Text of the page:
HAWKINSVILLE, Ga. — From the beginning, the two candidates vying to be Georgia's next governor have been on the hunt for votes in rural Georgia. Their approaches, though, could not be more different. 

Stacey Abrams, an Atlanta tax attorney, has brought her fiery speeches to ruby red counties trying to inspire likeminded voters in areas often written off by Democrats. Brian Kemp, a cowboy-boot-wearing Athens businessman, has traveled the state shaking hands with rural conservatives he is urging to show up in force.

But while Abrams has hit the road raising alarms over voter suppression and urging people to cast a ballot early, Kemp – who, as secretary of state, is the state’s top election official – has capitalized on Abrams’ rural Georgia gaffes as a way to rile up his own supporters.

“We’ve been looking, but we’ve yet to find Glasgow County,” Kemp said to laughs from a crowd assembled outside M&T Meats in Pulaski County on Thursday afternoon. He was referring to a non-existent county Abrams recently named while being interviewed on Meet the Press.

“But we know right here in Hawkinsville, we are in the home of a lot of great farmers and a lot of great ag producers and many other hard-working Georgians,” he said. “And I have great appreciation for that because I’m one of you.

“And for my opponent to say that people shouldn’t have to go into agriculture and hospitality is wrong,” he said.

Kemp is referring to a comment Abrams, a former House minority leader, made during a stump speech at Georgia Southern University that her critics say belittled the state’s top industry and the backbone of many rural economies in Georgia: agriculture.

Here’s what Abrams said: “I want to create a lot of different jobs. Because people shouldn’t have to go into agriculture or hospitality in Georgia to make a living in Georgia. Why not create renewable energy jobs? Because, I’m going to tell y’all a secret: Climate change is real.”

 House Speaker David Ralston, a Republican from rural north Georgia who backs Kemp, said the comment was one of the most jarring he’s heard in what has become a bitterly fought race. 

“That comment was so offensive on so many levels and shows a complete disconnect from what Georgians are thinking and what they’re proud of,” Ralston said in an interview Tuesday.

The Abrams campaign has said the comment, made more than a week ago, was taken out of context and has fired back at Kemp.

“This is an absurdly misleading attack from someone who has plans to kill Georgia’s hospitality industry by signing discriminatory legislation like RFRA,” said Abigail Collazo, an Abrams spokeswoman, in a statement referring to religious freedom legislation that opponents say would encourage discrimination against same-sex couples.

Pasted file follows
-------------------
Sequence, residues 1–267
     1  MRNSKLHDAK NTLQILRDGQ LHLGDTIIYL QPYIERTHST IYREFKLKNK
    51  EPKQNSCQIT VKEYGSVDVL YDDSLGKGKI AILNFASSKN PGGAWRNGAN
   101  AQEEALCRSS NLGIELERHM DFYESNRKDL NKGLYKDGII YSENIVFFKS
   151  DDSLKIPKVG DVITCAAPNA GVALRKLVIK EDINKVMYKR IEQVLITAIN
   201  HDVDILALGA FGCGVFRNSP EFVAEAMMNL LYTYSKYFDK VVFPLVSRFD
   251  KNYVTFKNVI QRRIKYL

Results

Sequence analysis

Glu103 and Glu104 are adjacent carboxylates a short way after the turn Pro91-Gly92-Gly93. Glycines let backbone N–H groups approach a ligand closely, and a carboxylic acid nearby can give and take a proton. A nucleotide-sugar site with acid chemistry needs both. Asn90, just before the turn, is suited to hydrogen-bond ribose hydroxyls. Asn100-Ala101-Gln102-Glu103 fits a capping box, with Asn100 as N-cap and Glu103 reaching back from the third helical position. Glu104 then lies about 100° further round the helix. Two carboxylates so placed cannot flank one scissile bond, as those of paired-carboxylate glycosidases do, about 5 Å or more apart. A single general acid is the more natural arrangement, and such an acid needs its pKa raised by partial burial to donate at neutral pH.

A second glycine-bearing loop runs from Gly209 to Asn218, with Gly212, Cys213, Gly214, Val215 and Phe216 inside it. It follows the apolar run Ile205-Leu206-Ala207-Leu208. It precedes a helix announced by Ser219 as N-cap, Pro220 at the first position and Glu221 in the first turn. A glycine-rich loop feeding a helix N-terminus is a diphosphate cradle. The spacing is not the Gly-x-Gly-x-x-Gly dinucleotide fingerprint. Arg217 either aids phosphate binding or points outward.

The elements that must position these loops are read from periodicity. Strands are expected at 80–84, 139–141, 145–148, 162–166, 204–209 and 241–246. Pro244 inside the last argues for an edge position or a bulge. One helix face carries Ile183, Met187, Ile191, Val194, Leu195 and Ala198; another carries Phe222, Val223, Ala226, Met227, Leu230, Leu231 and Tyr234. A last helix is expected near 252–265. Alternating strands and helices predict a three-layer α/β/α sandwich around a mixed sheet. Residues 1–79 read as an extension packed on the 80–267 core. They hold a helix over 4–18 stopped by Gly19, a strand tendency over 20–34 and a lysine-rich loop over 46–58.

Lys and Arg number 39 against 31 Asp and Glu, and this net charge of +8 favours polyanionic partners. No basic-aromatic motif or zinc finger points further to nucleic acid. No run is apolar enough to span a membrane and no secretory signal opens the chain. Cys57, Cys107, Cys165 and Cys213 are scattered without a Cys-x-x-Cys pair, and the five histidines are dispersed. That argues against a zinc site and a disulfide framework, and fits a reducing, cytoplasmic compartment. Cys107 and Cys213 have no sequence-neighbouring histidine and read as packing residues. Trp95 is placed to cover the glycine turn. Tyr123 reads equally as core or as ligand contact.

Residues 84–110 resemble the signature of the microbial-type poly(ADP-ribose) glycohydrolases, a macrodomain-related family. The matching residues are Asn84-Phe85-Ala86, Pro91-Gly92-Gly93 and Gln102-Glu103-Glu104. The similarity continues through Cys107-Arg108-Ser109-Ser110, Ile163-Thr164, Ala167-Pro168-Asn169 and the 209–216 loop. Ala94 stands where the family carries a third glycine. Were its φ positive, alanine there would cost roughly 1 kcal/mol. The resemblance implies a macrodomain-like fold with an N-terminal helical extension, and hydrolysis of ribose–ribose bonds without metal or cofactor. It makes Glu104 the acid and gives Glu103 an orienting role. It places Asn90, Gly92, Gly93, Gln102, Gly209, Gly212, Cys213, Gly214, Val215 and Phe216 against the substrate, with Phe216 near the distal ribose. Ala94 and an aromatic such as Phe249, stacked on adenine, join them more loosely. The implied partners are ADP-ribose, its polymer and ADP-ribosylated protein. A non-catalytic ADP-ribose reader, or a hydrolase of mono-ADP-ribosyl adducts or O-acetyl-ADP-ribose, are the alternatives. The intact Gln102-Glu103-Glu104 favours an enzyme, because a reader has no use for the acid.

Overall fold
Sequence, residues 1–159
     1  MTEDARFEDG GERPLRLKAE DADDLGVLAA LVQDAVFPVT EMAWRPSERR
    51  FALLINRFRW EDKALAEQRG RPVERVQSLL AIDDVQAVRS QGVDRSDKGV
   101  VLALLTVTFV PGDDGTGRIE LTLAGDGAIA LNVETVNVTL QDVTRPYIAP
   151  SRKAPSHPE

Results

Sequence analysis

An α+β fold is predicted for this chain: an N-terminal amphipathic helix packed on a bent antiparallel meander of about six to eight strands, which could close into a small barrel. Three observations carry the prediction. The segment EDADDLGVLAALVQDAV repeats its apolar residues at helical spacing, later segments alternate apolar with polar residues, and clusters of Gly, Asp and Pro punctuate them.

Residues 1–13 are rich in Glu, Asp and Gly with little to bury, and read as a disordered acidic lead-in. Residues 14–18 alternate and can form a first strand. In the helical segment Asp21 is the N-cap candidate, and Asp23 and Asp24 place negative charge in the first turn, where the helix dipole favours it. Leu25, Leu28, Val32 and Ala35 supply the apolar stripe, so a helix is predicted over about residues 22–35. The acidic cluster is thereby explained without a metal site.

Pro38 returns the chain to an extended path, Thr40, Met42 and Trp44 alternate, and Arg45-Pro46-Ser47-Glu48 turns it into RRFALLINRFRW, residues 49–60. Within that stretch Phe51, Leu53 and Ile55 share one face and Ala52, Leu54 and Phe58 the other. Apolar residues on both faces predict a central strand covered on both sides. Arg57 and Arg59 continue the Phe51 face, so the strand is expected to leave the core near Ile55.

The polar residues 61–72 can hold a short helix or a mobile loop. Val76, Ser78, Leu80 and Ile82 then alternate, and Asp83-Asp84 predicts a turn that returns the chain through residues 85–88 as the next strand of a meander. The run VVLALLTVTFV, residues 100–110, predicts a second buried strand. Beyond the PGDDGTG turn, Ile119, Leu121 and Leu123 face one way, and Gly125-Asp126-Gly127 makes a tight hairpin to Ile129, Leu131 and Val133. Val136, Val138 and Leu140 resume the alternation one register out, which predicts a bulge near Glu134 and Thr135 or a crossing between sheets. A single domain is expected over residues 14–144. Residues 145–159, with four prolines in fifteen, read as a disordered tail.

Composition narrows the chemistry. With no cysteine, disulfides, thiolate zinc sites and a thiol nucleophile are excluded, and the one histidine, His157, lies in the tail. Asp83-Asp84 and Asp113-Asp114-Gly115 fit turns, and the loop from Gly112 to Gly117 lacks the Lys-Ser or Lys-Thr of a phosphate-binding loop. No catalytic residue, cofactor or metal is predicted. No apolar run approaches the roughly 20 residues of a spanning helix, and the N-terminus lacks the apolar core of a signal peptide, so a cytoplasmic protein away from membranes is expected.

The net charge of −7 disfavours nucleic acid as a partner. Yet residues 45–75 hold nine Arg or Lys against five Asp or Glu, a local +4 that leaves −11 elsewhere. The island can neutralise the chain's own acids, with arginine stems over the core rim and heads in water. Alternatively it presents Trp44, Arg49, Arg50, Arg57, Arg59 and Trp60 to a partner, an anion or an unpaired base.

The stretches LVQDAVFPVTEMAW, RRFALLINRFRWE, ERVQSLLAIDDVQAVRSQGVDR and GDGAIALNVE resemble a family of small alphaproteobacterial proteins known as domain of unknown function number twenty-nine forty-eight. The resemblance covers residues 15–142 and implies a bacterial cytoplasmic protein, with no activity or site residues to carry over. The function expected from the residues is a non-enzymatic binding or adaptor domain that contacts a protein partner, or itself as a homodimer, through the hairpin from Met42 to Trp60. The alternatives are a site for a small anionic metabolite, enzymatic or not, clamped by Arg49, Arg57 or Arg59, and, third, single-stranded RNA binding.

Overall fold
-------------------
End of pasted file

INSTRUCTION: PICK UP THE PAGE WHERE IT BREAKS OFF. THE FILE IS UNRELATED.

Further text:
“And while Stacey Abrams believes all Georgians — including farmers and hospitality workers — should have access to affordable health care, Brian Kemp has continued to staunchly oppose Medicaid expansion,” she added.

Abrams has worked to rally the support of far-flung Georgians with a call to expand the state’s insurance program for the poor and disabled. It’s a move she says will stabilize rural health care and create tens of thousands of jobs in communities outside the thriving Atlanta economy. She also proposes a $10 million fund for small business loans.

Kemp says he favors expanding a different program that offers a 100 percent tax credit for donors who give money to rural hospitals. He also says he would form an economic development strike team whose daily focus would be to work with rural areas thirsty for jobs. To him, strengthening local tax bases is a step toward aiding the state’s fragile rural hospitals.

They have both pledged to renew a push under the Gold Dome to bring high-speed internet to areas that lack it.

Both campaigns have found enthusiastic support in towns hundreds of miles away from vote-rich Atlanta, and early voter turnout is up across the state. As of Thursday, more than 944,000 ballots had already been cast.


Polls show the pair locked in a dead heat, with a runoff possible. If Abrams wins, she will become the first black female governor in the country.

But some say Abrams’ comment — and Kemp’s efforts to amplify it — has taken hold in parts of southwest Georgia, where Abrams has visited cities such as Thomasville and Albany — where she launched her campaign — numerous times.

Kemp just wrapped up a three-day swing through rural Georgia, including places where large pecan trees toppled by Hurricane Michael serve as painful reminders of the storm’s merciless wrath.

“I think the biggest problem with it is it’s come on the heels of Michael, and farmers are devastated and hurting,” said Laura Register, a Democrat who serves on the Grady County Board of Education. Register backed Abrams’ opponent in the primary but says she will vote for Abrams.

But Jewell Howard, a retired educator in Mitchell County, which is one of the top agricultural counties in the state, dismissed the backlash as politics as usual.

“I think it all depends on whose lens you’re looking through,” said Jewell, who also chairs the county’s Democratic Party.

“Agriculture hires a lot of people and there’s nothing wrong with working in agriculture,” he added. “But down here in southwest Georgia, we need to have a variety of industry so that people who choose another profession will be able to make a living doing something else also.”


Jill Nolin covers the Georgia Statehouse for CNHI's newspapers and websites. Reach her at

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